This will be a rare political post on this site, but I think that the information is pertinent.
It is no different in politics. Rhetoric is usually noticed in politics in sound bites. A clever turn of phrase, or a repetition in the message. Unfortunately, I think that the overarching story is often missed, if it is there at all.
I would argue that there are essentially two competing stories in American political culture: the story of the Left, and the story of the Right. When these stories are told in a compelling manner, the corresponding party will usually win.
Here are the stories:
First, the Left: This story has a problem, a villain, a hero, and a solution. The problem, according to the Left's story, is that there is inequality in society, there is a big gap between the rich and the poor, a big gap in freedoms between minority groups and WASPs (White Anglo Saxon Protestant Males). The villain in this story is Big Business. Big Business, comprised almost entirely of WASPs, keeps the rest of the people in society down through their greed. They have a stranglehold on almost all of the wealth in society and are in no mood to give it up. The hero in this story is the crusading compassionate politician who will help to level the playing field. The solution to the problem is for this crusading polititian, through taxation and strong regulation, to take on the forces of Big Business, make sure that the redistribute some of their wealth to the poor and underprivileged, and make sure that the barons of Big Business are cut down to size.
Second, the Right: This story also has a problem, a villain, a hero, and a solution. The problem, according to the Right's story, is that people are not free to pursue life, liberty, and the pursuit of happiness without unreasonable restrictions from the Government. The villain in this story is Big Government. Big Government taxes and regulates all people too much which restricts their freedoms. The hero in this story is the Big Business man or woman. Not the villain from the Left's story, but someone who has pulled themselves up from the lower classes, and through hard work and ingenuity has become successful and wealthy. Far from being a greedy and nasty member of the elite, the hero in this story is compassionate and a philanthropist. Not only does this hero provide jobs to masses of people, but he or she also donates heavily to charities, passing on their wealth to benefit society. The solution in this story is to lower taxes and reduce business regulations to allow all people to become upwardly mobile, to contribute to society, and to grow the economy.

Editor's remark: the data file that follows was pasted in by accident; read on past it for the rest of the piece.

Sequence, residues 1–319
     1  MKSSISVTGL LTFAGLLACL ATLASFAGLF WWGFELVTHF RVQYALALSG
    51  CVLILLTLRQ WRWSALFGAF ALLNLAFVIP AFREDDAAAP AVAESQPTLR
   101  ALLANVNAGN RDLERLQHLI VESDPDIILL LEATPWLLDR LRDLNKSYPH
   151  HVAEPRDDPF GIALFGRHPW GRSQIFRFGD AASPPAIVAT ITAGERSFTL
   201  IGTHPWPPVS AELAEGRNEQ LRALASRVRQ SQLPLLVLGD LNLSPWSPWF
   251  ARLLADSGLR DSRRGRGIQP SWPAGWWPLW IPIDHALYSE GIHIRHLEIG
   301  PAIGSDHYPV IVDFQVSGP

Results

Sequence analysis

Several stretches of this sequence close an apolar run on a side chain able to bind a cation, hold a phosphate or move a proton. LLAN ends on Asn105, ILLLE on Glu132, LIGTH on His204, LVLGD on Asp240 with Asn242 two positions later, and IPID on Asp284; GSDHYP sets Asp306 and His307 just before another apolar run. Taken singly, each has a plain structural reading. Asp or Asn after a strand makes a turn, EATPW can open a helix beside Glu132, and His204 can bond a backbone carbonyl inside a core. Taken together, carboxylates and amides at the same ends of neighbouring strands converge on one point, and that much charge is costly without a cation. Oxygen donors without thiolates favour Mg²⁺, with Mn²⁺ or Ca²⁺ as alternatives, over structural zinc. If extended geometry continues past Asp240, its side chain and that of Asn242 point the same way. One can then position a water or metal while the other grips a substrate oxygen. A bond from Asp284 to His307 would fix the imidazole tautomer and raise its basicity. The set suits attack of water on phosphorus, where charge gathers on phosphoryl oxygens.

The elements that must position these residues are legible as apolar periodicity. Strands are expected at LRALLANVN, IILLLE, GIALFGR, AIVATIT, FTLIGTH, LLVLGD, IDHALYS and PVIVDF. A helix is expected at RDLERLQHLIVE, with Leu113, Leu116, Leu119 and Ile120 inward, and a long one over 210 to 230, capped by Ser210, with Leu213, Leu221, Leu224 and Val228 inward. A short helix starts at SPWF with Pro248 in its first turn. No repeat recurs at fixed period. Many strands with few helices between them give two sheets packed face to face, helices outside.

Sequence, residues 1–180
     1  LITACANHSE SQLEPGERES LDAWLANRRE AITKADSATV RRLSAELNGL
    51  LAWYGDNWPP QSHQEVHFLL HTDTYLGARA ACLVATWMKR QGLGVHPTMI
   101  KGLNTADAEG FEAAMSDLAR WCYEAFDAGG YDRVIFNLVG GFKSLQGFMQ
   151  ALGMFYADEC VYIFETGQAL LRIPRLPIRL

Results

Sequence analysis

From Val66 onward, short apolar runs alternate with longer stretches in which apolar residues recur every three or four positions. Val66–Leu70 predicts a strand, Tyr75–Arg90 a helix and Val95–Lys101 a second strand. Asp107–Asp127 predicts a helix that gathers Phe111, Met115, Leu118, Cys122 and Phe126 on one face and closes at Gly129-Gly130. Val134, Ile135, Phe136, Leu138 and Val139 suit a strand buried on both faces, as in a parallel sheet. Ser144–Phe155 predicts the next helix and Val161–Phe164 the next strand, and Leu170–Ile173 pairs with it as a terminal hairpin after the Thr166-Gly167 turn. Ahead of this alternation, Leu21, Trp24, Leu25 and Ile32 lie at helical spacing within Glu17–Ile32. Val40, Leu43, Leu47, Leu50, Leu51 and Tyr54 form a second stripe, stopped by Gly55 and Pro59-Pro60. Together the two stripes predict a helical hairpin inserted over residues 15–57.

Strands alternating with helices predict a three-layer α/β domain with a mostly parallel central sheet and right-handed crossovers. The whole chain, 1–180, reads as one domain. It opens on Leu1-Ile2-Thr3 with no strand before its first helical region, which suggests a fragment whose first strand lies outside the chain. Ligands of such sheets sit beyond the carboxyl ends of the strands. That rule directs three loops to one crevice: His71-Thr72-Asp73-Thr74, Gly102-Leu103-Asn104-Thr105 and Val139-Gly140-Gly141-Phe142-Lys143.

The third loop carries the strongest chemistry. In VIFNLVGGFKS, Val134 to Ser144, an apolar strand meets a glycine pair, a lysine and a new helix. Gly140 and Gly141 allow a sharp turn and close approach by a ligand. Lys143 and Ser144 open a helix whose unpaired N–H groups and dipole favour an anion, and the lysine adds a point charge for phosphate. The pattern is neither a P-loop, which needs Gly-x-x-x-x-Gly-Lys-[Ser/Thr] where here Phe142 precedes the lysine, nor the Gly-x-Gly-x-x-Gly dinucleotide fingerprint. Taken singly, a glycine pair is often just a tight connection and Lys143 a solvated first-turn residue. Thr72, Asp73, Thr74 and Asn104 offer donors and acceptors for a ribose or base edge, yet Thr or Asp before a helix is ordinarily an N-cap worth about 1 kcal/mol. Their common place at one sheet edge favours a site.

With the recent economic meltdown in America, both sides have been trying to tell their respective stories. For the Left, they told their story best in 2008 and elected Barack Obama. He was the perfect hero, one who would bring hope and change, one who would take on the greedy corporations and wall street fat cats who had, through their greed, caused this calamity. He promised to take care of the poor, providing health care for all, end our energy crisis, bring racial reconciliation. The story worked and he won big.
The Right has not backed off of their story either during this economic crisis. For the Right, the economic crisis was not caused by greedy corporations, but by government regulations. The Government's push to get the underprivileged into houses and to require lenders to grant loans to those who could not pay them back caused the collapse of the housing market, and in turn, the rest of the economy. Now, in their story, the Left is doing things exactly backwards. Instead of spending money that the Government does not have to get out of the crisis, the Government should reduce spending, cut taxes, and allow the ingenuity of the American people to create businesses (with their lower taxes), put more people to work, and to grow the economy.
Which story is more compelling? You decide. But, whichever side tells their story and makes it more compelling is in for a big win this November. It will be interesting to see how the politicians handle their respective stories this Fall.